Mousavi not allowed to communicate

Iran’s opposition leader Mir Hossein Mousavi is not under arrest, but cannot talk with journalists, take phone calls or stand at a microphone at his rallies, his spokesman said Friday from Paris.

Faced with the limitations at rallies, Mousavi has had to speak “into a megaphone that can maybe be heard by 100 people, if everyone is quiet,” Iranian filmmaker Mohsen Makhmalbaf (moh-SEN makh-mal-BAF) told The Associated Press in a phone interview.

Authorities are closely watching Mousavi because arresting him would spark further outrage among his supporters, he said, speaking in Farsi. Makhmalbaf said he is in contact with people close to Mousavi in the capital Tehran, but it’s become increasingly difficult to reach them.

Government crackdowns have made communications with Tehran difficult – via Internet, telephone or satellite television – in the week since the contested re-election of President Mahmoud Ahmadinejad resulted in mass protests by supporters of Mousavi and other opposition figures.

“They call me, but only when they can get through,” which is increasingly less and less, Makhmalbaf said. He said he had not heard from the Mousavi camp since Supreme Leader Ali Khamenei’s Friday prayer that denounced the protests.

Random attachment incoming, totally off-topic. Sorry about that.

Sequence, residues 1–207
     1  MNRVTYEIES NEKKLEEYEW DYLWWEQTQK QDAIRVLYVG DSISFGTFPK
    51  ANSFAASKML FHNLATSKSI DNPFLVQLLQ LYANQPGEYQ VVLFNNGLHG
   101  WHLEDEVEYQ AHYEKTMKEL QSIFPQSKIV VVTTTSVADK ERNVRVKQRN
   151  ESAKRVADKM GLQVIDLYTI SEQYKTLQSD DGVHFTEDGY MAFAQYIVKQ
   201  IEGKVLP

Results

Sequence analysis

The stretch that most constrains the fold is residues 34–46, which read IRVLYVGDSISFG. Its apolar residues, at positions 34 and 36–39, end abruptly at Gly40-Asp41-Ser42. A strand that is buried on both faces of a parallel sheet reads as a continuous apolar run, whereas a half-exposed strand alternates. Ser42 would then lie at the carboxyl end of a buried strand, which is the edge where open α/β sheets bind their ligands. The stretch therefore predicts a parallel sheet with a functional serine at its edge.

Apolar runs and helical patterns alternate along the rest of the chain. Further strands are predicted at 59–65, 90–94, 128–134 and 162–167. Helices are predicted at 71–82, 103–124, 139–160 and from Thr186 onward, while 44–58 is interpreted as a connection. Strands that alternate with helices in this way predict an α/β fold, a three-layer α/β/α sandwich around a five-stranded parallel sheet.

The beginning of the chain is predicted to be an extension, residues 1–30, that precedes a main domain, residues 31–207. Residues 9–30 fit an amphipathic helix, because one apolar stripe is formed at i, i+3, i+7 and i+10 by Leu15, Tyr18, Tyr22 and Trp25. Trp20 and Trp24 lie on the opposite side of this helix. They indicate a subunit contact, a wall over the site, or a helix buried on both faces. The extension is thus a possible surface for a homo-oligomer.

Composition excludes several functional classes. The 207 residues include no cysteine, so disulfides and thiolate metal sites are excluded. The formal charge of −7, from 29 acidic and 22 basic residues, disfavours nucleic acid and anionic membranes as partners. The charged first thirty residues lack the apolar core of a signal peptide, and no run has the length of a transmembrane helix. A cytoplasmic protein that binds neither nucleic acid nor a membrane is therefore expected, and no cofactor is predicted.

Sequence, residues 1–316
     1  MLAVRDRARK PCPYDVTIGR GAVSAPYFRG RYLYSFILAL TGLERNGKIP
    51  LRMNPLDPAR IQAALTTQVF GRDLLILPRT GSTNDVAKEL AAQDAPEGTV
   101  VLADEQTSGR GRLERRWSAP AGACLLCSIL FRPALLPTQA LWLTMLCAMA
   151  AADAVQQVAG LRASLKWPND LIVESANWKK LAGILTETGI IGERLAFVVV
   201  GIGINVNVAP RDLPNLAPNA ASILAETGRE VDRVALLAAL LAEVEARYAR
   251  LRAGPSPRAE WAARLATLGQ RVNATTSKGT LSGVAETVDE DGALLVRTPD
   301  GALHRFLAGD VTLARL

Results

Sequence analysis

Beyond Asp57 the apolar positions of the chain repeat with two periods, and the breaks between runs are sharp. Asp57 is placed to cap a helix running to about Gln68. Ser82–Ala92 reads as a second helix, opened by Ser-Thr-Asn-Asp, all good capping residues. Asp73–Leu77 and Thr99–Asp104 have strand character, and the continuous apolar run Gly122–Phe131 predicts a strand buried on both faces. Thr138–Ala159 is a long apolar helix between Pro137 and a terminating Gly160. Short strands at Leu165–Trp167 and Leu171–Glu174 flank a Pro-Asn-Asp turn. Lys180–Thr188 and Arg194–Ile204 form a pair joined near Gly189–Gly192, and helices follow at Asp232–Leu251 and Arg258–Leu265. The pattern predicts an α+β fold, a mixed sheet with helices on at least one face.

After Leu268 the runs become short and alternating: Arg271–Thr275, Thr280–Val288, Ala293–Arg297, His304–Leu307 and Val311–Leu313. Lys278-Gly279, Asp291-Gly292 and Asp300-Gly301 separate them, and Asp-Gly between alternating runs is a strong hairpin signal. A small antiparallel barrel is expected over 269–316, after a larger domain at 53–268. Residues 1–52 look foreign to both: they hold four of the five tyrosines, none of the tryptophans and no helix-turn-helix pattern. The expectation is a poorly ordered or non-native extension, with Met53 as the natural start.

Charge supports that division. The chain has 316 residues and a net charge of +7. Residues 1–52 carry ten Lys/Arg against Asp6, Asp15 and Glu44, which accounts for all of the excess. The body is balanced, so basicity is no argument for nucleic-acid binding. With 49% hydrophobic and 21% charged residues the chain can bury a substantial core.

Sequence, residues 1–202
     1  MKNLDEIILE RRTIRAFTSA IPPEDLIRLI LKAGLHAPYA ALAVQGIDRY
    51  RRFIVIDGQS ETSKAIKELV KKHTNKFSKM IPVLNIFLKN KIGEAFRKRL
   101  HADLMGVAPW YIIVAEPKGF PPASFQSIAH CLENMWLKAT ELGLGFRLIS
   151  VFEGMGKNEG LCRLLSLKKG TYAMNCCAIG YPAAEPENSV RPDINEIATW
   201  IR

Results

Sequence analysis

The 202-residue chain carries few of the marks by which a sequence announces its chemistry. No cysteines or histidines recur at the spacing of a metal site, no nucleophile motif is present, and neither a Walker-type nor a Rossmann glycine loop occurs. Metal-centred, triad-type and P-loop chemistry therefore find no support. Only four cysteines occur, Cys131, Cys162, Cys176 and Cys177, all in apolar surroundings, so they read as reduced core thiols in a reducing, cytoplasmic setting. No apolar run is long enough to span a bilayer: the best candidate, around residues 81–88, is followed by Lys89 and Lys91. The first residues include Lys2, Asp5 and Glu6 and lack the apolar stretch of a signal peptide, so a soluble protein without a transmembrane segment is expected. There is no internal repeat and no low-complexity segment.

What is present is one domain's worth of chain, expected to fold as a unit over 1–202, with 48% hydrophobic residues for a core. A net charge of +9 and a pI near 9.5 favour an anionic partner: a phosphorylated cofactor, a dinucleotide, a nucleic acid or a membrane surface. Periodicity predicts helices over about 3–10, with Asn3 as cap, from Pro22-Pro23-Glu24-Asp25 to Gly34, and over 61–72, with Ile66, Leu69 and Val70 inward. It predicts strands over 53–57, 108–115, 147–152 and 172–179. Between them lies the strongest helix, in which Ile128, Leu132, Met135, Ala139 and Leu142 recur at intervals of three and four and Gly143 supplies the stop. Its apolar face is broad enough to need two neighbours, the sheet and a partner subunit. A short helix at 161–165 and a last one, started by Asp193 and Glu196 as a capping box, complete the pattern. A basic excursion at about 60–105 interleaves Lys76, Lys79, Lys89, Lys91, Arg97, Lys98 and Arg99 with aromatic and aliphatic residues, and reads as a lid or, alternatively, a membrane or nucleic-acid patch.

Makhmalbaf questioned Khamenei’s power, saying that he is “a melting bit of snow,” losing touch with the people and trying to speak through his “broken microphone,” Ahmadinejad.

“People like Khamenei came to power with the mandate of a revolution conducted by Iran’s people, a people who fought because they liked their leader,” Makhmalbaf said. “Now, the people don’t like the (Islamic) revolution, nor its current leaders.”

Makhmalbaf said that in both revolution and reform, the Iranian people weren’t able to attain their goals. In turn, Iranians “boycotted” and “befriended” the ballot box, referring to boycotts in the 2005 election that brought Ahmadinejad to power and their record turnout in the latest election.

“This people have begun to see that from now until forever, their destiny is being contained to one path, and they can’t be satisfied with that, so they are speaking out,” he said.

Makhmalbaf said he and Marjane Satrapi, the author of comic book and Oscar-nominated film “Persepolis,” have called on the European parliament to refuse to acknowledge Ahmadinejad’s presidency until the people in Iran decide. He asked Iranian expatriates to ask their governments to do the same.

Twice nominated for the Palm D’Or at the Cannes Film Festival in 1999 and 2001, Makhmalbaf’s works include “Kandahar,” “Blackboards” and “Gabbeh.”


One Response

  1. An important topic in Iran:
    The Konkoor must be cancel!
    This week on thursday the entrance examination for universities in Iran (named Konkoor) must be cancel!
    because of this election in iran the konkoor must be cancel!

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